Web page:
I've done a couple of blogs about some of the social issues in a future universe, but this time I'm turning to the topic of future firearms and why there may never be 'a last bullet'
Whether its called a blaster, a phaser, or just a beam weapon science fiction loves what they like to refer to in modern military parlance as directed energy weapons. Stripped down to its basics a directed energy weapon does away with a projectile in favour of a focused beam of energy, lasers being the best known example. Science fiction stories assume that you can turn something like the HEL MD into a rifle or pistol sized weapon. While we're all familiar with the way all manner of technology has been miniaturized to the point of being handheld, but in doing so the power requirements have been massively reduced. For a DEW this is obviously not a viable option, the power it can deliver to a target is the whole point of the thing. This is going to not only require a battery with quite astonishing storage density, but there is also the issue of converting the charge into the battery into a beam of energy. The laws of physics dictate that is not going to be 100% efficient, there's going to a be certain amount of waste energy, and waste energy usually manifests itself as heat. So now your DEW needs either active cooling, fans or refrigeration, or some kind of radiator and if you want dissipate that heat quickly it's going to be a big radiator.
Now in a science fiction universe all these problems can be resolved, infinite storage and perfect energy conversion are a snap if you can imagine a universe with teleportation and FTL. The thing is though why would anyone put in the effort to begin with? Turning HEL MD into a rifle is going to be a long evolutionary process and what we have right now works pretty well, indeed you can argue that from a caveman throwing a rock at an animal to the state of the art railguns being developed for next generation warships is an unbroken line of projectile weapons. Simply put guns work, they get the job done so why would anyone want to spend the time, effort, and money on making your blaster/phaser possible?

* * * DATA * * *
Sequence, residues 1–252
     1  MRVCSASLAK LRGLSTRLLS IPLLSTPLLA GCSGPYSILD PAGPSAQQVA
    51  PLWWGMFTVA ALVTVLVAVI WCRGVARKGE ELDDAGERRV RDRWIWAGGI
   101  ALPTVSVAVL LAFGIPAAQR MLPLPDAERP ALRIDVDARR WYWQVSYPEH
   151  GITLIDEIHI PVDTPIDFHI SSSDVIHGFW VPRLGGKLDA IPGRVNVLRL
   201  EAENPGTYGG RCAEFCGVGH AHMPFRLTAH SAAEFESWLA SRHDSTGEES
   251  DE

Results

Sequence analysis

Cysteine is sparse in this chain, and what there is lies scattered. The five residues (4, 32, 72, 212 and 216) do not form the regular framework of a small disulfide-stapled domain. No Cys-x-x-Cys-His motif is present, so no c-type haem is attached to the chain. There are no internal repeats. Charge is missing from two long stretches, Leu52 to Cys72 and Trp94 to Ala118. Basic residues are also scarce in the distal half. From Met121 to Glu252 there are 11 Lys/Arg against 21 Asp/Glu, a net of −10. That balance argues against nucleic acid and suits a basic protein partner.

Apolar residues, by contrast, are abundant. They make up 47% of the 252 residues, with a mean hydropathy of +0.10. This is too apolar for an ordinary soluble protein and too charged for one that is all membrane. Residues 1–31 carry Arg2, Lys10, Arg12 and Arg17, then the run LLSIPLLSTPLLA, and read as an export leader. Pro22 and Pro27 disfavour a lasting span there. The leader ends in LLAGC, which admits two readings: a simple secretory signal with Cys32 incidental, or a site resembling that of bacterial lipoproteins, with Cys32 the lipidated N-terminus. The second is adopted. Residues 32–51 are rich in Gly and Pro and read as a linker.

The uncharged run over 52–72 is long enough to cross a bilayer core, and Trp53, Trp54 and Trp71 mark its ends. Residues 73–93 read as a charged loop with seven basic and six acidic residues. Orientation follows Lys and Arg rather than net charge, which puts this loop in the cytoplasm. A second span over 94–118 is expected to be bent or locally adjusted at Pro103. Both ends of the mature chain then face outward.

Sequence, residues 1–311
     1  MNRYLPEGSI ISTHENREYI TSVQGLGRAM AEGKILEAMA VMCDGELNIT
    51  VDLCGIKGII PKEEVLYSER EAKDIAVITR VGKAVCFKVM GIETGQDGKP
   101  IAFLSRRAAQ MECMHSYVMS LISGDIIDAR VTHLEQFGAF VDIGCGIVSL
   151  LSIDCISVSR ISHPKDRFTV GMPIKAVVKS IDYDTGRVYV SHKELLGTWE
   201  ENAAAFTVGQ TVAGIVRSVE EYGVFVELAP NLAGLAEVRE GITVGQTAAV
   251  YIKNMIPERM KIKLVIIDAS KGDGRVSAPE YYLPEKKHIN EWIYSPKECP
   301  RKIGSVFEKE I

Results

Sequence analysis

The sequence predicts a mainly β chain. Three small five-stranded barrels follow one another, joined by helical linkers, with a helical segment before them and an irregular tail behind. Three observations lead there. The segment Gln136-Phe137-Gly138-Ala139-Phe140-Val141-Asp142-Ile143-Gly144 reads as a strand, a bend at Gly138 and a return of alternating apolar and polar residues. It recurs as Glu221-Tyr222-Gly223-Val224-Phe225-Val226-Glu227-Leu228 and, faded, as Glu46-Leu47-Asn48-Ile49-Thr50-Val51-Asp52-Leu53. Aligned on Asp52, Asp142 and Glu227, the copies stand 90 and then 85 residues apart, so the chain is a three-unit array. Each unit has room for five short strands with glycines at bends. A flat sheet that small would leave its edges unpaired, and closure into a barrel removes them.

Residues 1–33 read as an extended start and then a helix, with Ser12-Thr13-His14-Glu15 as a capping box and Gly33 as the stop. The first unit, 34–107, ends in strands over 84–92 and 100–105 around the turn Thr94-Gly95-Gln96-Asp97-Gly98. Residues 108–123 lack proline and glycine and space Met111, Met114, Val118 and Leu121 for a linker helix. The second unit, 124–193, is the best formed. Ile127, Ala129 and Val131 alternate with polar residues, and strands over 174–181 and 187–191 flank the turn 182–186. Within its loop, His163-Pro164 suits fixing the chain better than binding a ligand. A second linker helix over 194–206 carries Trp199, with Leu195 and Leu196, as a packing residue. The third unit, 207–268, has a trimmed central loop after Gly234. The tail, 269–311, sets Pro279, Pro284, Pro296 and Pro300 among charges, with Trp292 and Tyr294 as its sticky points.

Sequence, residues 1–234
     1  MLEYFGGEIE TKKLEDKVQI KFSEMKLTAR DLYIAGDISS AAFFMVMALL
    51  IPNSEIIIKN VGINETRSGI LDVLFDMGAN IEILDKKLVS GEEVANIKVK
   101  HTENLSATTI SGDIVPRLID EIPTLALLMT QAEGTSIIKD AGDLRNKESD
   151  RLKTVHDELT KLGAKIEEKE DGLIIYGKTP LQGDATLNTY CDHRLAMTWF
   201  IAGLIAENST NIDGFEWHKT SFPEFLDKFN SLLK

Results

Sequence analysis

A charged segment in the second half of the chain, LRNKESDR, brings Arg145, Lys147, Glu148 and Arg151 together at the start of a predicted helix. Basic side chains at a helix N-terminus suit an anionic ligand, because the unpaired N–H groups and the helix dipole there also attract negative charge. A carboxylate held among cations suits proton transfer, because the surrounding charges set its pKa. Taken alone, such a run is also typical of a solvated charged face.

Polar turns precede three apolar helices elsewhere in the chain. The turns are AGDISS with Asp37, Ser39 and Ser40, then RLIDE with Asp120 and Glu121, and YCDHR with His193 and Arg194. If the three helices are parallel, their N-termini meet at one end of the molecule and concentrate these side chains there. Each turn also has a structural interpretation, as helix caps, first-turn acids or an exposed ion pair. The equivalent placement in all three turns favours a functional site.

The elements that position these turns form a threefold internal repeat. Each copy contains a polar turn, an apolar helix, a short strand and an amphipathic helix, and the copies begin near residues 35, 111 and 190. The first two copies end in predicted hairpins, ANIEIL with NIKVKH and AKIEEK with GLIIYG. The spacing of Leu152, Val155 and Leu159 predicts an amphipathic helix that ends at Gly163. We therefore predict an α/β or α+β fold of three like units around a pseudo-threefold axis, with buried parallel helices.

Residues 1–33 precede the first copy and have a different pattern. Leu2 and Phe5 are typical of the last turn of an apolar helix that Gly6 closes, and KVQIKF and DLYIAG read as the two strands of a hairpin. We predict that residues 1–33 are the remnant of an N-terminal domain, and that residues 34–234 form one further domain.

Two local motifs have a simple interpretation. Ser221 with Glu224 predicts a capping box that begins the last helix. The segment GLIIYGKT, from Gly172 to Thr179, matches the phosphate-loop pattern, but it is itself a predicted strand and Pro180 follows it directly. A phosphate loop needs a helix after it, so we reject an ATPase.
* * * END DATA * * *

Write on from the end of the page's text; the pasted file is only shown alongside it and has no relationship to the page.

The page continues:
The Star Trek phaser actually illustrates one of the better reasons to invest in a handheld DEW, the power can be dialled up or down depending on the situation. Now the nice neat delineation between a stun and lethal setting is a little unlikely, but the idea of a weapon that could be varied from simply inflicting pain at the bottom end of its range to a lethal shot at the top end is not unreasonable is not unreasonable and offers more flexibility, particularly valuable in our current day world where combatants are often hard to tell from the innocent bystanders.
The other big attraction is ammunition, both the weight of it for the soldier and the logistics of supplying it. Modern firearms can eat through ammunition at a frightening rate and despite the tendency towards smaller calibre ammo with lighter rounds the weight is still a burden for the soldier who faces the dilemma of carrying enough into battle for extended combat or risk running out because supplying ammo to a fast moving front line is a challenge for any military organization, especially if your means of delivery is liable to come under attack and you can't just make more out in the field. Now with a DEW the soldier effective can make their own ammo, they just need an energy resource to tap into, that might be anything from a solar panel to a power socket in some home or factory. Lifting the burden of worrying about ammo would be a major incentive to adopt energy weapons on a wider basis.
Now this isn't a matter of one side of this being right or wrong, really it's just to show that you can make an argument for whichever approach you want to take with weapons in your story, you can justify sticking to the tried and trusted bullet or go with a light show of different types of DEW. Only thing I can't come up with is an explanation for why so many beam weapons in TV and movies seem to fir a burst that travels at about walking pace...